Nationalism involves a strong identification of a group of individuals with a political entity defined in national terms, i.e. a nation. Often, it is the belief that an ethnic group has a right to statehood, or that citizenship in a state should be limited to one ethnic group, or that multinationality in a single state should necessarily comprise the right to express and exercise national identity even by minorities.
It can also include the belief that the state is of primary importance, or the belief that one state is naturally superior to all other states. It is also used to describe a movement to establish or protect a homeland (usually an autonomous state) for an ethnic group. In some cases the identification of a national culture is combined with a negative view of other races or cultures.
Conversely, nationalism might also be portrayed as collective identities towards imagined communities which are not naturally expressed in language, race or religion but rather socially constructed by the very individuals that belong to a given nation. Nationalism is sometimes reactionary, calling for a return to a national past, and sometimes for the expulsion of foreigners. Other forms of nationalism are revolutionary, calling for the establishment of an independent state as a homeland for an ethnic underclass.
Nationalism emphasizes collective identity - a 'people' must be autonomous, united, and express a single national culture. However, some nationalists stress individualism as an important part of their own national identity.
National flags, national anthems, and other symbols of national identity are often considered sacred, as if they were religious rather than political symbols. Deep emotions are aroused. Gellner and Breuilly, in Nations and Nationalism, contrast nationalism and patriotism. "If the nobler word 'patriotism' then replaced 'civic/Western nationalism', nationalism as a phenomenon had ceased to exist."
Before the development of nationalism, people were generally loyal to a city or to a particular leader rather than to their nation. Encyclopaedia Britannica identifies the movement's genesis with the late-18th century American Revolution and French Revolution; other historians point specifically to the ultra-nationalist party in France during the French Revolution.
The term nationalism was coined by Johann Gottfried Herder (nationalismus) during the late 1770s. Precisely where and when nationalism emerged is difficult to determine, but its development is closely related to that of the modern state and the push for popular sovereignty that came to a head with the French Revolution and the American Revolution in the late 18th century. Since that time, nationalism has become one of the most significant political and social forces in history, perhaps most notably as a major influence or postulate of World War I and especially World War II. Fascism is a form of authoritarian civic nationalism which stresses absolute loyalty and obedience to the state, whose purpose is to serve the interests of its nation alone.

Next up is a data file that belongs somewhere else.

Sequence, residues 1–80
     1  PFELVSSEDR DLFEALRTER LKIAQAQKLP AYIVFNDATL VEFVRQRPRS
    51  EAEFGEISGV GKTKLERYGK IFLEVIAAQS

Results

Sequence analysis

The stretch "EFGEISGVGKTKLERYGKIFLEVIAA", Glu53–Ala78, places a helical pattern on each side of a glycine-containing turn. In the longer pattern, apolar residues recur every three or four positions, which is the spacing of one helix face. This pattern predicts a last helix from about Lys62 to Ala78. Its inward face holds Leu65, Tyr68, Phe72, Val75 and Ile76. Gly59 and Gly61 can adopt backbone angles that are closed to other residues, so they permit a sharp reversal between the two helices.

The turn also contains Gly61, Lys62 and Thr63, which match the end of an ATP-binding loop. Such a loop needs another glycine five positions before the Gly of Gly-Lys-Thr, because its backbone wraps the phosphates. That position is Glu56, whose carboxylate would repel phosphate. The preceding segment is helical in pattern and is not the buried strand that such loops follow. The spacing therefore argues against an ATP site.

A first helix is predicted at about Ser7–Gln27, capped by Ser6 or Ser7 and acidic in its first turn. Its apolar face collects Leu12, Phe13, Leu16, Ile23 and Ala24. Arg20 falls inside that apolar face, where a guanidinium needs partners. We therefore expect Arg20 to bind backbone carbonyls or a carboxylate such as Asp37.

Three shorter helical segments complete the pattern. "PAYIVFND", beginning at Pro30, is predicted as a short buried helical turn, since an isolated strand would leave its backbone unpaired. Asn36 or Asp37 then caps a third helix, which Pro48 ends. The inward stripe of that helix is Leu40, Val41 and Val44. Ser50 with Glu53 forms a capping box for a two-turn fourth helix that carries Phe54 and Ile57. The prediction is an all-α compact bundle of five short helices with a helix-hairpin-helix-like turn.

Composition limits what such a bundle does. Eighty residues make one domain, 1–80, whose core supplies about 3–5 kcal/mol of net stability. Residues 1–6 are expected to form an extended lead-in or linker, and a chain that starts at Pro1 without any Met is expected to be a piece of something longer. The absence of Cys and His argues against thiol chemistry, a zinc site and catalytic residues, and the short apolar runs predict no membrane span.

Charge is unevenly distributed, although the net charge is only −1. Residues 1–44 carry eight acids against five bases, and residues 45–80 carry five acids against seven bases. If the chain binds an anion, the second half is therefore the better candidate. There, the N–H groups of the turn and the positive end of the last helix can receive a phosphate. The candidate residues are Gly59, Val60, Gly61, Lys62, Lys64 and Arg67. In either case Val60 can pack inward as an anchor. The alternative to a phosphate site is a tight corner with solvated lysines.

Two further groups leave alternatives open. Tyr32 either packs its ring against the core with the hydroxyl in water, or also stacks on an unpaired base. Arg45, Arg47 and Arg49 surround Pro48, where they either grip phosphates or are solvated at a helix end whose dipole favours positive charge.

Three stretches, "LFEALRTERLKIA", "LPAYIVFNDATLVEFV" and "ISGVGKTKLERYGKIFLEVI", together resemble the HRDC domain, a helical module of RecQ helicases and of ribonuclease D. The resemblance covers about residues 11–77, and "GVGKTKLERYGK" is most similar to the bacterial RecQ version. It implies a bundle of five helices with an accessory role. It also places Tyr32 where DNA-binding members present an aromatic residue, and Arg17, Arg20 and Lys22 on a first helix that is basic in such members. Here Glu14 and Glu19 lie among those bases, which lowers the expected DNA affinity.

Some nationalists exclude certain groups. They view people who are, in fact, citizens of their country, as being not really citizens, in some sense, and therefore not protected by the rights afforded "real" citizens. Sometimes a mythic homeland is more important for the national identity than the actual territory occupied by the nation.
Civic nationalism (also known as liberal nationalism) defines the nation as an association of people with equal and shared political rights, and allegiance to similar political procedures. According to the principles of civic nationalism the nation is not based on common ethnic ancestry, but is a political entity, whose core is not ethnicity. This civic concept of nationalism is exemplified by Ernest Renan in his lecture in 1882 "What is a Nation?", where he defined the nation as a "daily referendum" (frequently translated 'daily plebiscite") dependent on the will of its people to continue living together".
Liberal nationalism is a kind of nationalism identified by political philosophers who believe in a non-xenophobic form of nationalism compatible with liberal values of freedom, tolerance, equality, and individual rights. Ernest Renan and John Stuart Mill are often thought to be early liberal nationalists. Liberal nationalists often defend the value of national identity by saying that individuals need a national identity in order to lead meaningful, autonomous lives and that liberal democratic polities need national identity in order to function properly.
Liberal nationalism, also known as civic nationalism or civil nationalism, is the form of nationalism in which the state derives political legitimacy from the active participation of its citizenry (see popular sovereignty), from the degree to which it represents the "general will". It is often seen as originating with Jean-Jacques Rousseau and especially the social contract theories which take their name from his 1762 book The Social Contract. Civic nationalism lies within the traditions of rationalism and liberalism, but as a form of nationalism it is contrasted with ethnic nationalism. Membership of the civic nation is considered voluntary. Civic-national ideals influenced the development of representative democracy in countries such as the United States and France.
Liberal nationalism lies within the traditions of rationalism and liberalism, but as a form of nationalism it is contrasted with ethnic nationalism. Membership of the civic nation is considered voluntary, as in Ernest Renan's "daily referendum" formulation in What is a Nation?. Civic-national ideals influenced the development of representative democracy in countries such as the United States and France (see the United States Declaration of Independence of 1776, and the Declaration of the Rights of Man and of the Citizen of 1789).